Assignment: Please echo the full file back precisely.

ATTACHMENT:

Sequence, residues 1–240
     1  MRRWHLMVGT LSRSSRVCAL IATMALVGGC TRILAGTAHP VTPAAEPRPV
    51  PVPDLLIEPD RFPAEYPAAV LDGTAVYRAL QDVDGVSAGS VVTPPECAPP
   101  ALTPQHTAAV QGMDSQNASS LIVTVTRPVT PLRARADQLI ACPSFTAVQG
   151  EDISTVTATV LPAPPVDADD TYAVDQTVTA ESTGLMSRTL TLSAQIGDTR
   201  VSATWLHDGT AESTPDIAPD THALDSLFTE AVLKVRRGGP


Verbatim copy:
Sequence, residues 1–240
     1  MRRWHLMVGT LSRSSRVCAL IATMALVGGC TRILAGTAHP VTPAAEPRPV
    51  PVPDLLIEPD RFPAEYPAAV LDGTAVYRAL QDVDGVSAGS VVTPPECAPP
   101  ALTPQHTAAV QGMDSQNASS LIVTVTRPVT PLRARADQLI ACPSFTAVQG
   151  EDISTVTATV LPAPPVDADD TYAVDQTVTA ESTGLMSRTL TLSAQIGDTR
   201  VSATWLHDGT AESTPDIAPD THALDSLFTE AVLKVRRGGP